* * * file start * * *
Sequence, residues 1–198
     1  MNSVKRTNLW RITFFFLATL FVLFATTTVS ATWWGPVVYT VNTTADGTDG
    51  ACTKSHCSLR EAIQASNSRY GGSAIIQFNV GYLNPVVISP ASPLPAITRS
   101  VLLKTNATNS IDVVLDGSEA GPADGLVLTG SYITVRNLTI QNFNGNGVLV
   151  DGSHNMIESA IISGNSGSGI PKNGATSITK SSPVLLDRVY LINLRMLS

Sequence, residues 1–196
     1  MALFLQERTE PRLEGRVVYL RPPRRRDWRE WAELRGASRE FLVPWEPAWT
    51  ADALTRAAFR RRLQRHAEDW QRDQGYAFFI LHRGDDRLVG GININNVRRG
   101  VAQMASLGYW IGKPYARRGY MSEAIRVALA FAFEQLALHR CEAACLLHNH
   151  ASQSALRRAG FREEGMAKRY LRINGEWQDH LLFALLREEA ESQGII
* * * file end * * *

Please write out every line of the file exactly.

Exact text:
Sequence, residues 1–198
     1  MNSVKRTNLW RITFFFLATL FVLFATTTVS ATWWGPVVYT VNTTADGTDG
    51  ACTKSHCSLR EAIQASNSRY GGSAIIQFNV GYLNPVVISP ASPLPAITRS
   101  VLLKTNATNS IDVVLDGSEA GPADGLVLTG SYITVRNLTI QNFNGNGVLV
   151  DGSHNMIESA IISGNSGSGI PKNGATSITK SSPVLLDRVY LINLRMLS

Sequence, residues 1–196
     1  MALFLQERTE PRLEGRVVYL RPPRRRDWRE WAELRGASRE FLVPWEPAWT
    51  ADALTRAAFR RRLQRHAEDW QRDQGYAFFI LHRGDDRLVG GININNVRRG
   101  VAQMASLGYW IGKPYARRGY MSEAIRVALA FAFEQLALHR CEAACLLHNH
   151  ASQSALRRAG FREEGMAKRY LRINGEWQDH LLFALLREEA ESQGII